Presentation on theme: "JN805 British Public Affairs The British Constitution, Political System and Monarchy."— Presentation transcript:
JN805 British Public Affairs The British Constitution, Political System and Monarchy
1. The British Constitution 2. Parliamentary Sovereignty 3. Westminster System 4. Roles of the Monarchy Lecture Outline
1. The British Constitution Constitutions can be written (such as the U.S. and France) or unwritten. The U.K. does not have a written constitution. ‘Unwritten’ (actually uncodified) Constitutions: Advantages: flexible and easier to add or subtract detail Disadvantages: Can create ambiguity over crucial issues relating to freedoms and rights of citizens.
Primary sources of the U.K. constitution: Statute –individual laws, known as ‘Acts of Parliament’; Common Law – judge-made or ‘case’ law; Conventions – customs, traditions and long standing practices; Treatises – history works of legal/and or constitutional authority (such as Bagehot’s The English Constitution (1867)); Treaties. 1. The British Constitution
Statute Magna Carta, signed by King John in 1215, established rule of law: right to fair trial, all equal before law, etc. Bill of Rights in 1689, following agreement between Parliament and William of Orange (William III and Mary II), established parliamentary sovereignty. Bill of Rights introduced principle of parliamentary privilege. 1. The British Constitution
Parliamentary privilege safeguards media and public in repeating claims. Expenses scandal in 2010 saw some accused MPs claim parliamentary privilege (they were later convicted). expenses/ /MPs-expenses-the-timeline.html expenses/ /MPs-expenses-the-timeline.html 1. The British Constitution
Statutes: 1701 Act of Settlement – deals with monarchical succession (recent changes to male line and non- Catholic rules) ;http://www.bbc.co.uk/news/uk – Acts of Union – unified England and Scotland as United Kingdom of Great Britain; More recently, for example, Race Relations Acts, Human Rights Act (1998), House of Lords Act (1999). 1. The British Constitution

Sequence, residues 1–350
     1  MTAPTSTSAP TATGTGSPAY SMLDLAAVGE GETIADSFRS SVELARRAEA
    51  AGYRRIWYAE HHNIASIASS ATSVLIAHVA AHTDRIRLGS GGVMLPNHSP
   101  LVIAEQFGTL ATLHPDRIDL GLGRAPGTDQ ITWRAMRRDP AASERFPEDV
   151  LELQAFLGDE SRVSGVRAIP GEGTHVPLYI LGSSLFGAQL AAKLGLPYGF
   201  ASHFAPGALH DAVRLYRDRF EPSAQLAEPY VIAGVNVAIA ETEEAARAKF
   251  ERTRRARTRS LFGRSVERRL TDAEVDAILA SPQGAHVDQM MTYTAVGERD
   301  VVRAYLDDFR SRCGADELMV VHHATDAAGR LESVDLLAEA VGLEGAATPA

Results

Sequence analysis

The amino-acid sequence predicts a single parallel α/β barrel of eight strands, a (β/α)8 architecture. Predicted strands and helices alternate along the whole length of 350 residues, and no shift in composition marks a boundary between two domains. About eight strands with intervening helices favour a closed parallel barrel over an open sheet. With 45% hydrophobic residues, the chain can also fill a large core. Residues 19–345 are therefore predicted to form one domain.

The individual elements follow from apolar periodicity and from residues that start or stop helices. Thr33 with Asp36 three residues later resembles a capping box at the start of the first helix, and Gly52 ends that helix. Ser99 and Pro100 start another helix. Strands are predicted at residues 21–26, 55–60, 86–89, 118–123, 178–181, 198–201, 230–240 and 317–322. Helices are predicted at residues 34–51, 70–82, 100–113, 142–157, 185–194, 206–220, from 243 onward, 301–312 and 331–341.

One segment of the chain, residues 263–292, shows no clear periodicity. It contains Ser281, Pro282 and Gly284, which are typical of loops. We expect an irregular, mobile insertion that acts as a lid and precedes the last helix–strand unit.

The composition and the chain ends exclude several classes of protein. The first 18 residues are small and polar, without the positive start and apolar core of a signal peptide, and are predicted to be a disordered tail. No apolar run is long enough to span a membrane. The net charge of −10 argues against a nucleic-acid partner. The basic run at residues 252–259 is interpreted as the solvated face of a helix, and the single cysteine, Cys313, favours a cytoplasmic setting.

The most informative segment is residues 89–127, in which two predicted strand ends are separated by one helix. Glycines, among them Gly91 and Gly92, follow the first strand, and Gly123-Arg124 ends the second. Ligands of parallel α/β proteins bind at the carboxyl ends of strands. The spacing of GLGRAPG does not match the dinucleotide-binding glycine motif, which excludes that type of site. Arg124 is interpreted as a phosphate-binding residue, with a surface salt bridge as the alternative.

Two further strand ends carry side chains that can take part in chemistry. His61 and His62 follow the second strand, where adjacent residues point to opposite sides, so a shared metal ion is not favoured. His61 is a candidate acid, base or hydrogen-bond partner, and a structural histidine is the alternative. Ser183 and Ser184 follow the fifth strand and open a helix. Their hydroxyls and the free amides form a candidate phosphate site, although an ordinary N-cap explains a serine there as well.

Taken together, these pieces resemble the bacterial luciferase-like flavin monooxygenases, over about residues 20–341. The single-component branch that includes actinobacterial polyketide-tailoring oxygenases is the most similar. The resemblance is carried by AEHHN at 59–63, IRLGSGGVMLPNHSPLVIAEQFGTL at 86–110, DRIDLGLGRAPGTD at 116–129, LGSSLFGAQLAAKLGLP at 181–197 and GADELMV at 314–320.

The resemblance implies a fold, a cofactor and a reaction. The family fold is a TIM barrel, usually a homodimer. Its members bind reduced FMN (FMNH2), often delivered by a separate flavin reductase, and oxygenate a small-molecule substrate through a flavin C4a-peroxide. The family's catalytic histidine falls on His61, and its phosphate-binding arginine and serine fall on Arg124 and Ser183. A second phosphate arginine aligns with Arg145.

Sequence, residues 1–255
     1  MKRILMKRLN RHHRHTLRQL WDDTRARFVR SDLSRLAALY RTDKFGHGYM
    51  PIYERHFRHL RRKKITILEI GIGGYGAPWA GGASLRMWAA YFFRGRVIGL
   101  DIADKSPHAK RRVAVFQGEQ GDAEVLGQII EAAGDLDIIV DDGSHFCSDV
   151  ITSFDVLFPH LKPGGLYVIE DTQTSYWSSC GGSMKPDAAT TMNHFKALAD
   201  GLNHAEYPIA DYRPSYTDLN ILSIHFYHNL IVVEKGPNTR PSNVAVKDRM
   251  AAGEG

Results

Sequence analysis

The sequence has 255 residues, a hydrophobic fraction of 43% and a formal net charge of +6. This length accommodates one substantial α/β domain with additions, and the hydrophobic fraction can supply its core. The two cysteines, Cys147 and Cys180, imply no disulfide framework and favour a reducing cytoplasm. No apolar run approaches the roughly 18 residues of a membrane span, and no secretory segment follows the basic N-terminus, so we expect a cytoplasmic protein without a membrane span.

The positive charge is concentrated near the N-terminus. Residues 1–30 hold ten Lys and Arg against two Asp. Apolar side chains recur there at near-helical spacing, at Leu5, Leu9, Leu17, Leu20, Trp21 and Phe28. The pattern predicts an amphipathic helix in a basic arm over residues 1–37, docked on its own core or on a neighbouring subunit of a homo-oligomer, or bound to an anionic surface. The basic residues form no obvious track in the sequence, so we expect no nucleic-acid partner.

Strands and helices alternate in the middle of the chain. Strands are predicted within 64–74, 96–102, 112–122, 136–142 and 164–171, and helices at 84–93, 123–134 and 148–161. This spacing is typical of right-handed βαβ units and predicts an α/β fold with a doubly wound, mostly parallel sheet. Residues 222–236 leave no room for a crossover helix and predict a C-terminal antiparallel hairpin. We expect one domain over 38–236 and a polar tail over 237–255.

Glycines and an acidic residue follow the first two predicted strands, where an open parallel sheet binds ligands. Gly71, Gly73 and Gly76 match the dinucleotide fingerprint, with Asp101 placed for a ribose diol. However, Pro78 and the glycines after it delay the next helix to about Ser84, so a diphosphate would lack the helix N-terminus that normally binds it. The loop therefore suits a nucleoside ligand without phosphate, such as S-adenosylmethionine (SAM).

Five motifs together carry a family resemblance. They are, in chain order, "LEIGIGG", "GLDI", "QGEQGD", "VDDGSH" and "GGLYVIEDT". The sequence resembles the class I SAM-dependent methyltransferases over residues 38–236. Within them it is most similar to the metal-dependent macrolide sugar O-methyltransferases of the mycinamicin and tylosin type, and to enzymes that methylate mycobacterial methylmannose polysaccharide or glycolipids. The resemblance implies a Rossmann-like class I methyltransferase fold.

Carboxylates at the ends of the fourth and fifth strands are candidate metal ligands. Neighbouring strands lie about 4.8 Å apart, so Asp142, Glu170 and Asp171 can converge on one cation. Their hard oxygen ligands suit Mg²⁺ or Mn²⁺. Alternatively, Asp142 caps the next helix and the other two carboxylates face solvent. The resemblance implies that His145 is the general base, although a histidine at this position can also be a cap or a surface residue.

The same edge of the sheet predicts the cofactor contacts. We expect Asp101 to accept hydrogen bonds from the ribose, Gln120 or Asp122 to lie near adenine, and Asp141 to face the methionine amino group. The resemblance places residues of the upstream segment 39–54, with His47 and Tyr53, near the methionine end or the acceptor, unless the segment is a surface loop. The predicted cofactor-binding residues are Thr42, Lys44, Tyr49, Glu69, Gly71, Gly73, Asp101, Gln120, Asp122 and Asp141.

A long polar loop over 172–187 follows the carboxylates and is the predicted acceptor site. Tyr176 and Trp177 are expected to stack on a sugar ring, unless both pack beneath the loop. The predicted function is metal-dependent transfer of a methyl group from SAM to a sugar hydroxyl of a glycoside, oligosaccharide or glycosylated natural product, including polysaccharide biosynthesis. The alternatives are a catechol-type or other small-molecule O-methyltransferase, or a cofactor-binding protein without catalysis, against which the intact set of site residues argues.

Common Law ‘Case law’ establishing national framework of common law began by Henry II ( ).
1. The British Constitution Conventions: Important - Cabinet collective and individual ministerial responsibility; Historical ‘quirks’ - Black Rod has Commons door slammed in his face and he raps it three times to gain entry and lead MPs to House of Lords at the annual State Opening of Parliament.
1. The British Constitution Treaties – most recent 2007 Lisbon Treaty. /world/europe/ st m /world/europe/ st m
Draft Cabinet Manual Written by Sir Gus O’Donnell – looks at monarchy, government, parliament and devolved institutions. mselect/cmpolcon/writev/734/cicm08.htm mselect/cmpolcon/writev/734/cicm08.htm 1. The British Constitution
Attempts at Constitutional Reform: Charter 88 – grew out of New Statesman article, called for reforms including abolition of hereditary peers, alternative voting system, etc. charter-88 charter-88 New Labour did introduce devolution (with new voting systems), incorporated European Convention on Human Rights into British law, passed a FOI Act, introduced direct election of London mayor. 1. The British Constitution
“Parliamentary sovereignty effectively denies the principle of the separation of powers” (Leach, Coxall and Robins 2011, p. 178). Twin pillars of the constitution: First pillar: parliamentary sovereignty; Second pillar: rule of law. Second pillar subordinate to first pillar – parliament can pass measures changing laws. 2. Parliamentary Sovereignty
Parliamentary sovereignty undermined by U.K. membership of the EU, greater use of referendums (referendums require passing of Act of Parliament and result is not binding on parliament but political suicide to reject result), and Devolution. /Theresa-May-pledges-Conservatives-scrap- Human-Rights-Act-win-election.html /Theresa-May-pledges-Conservatives-scrap- Human-Rights-Act-win-election.html 2. Parliamentary Sovereignty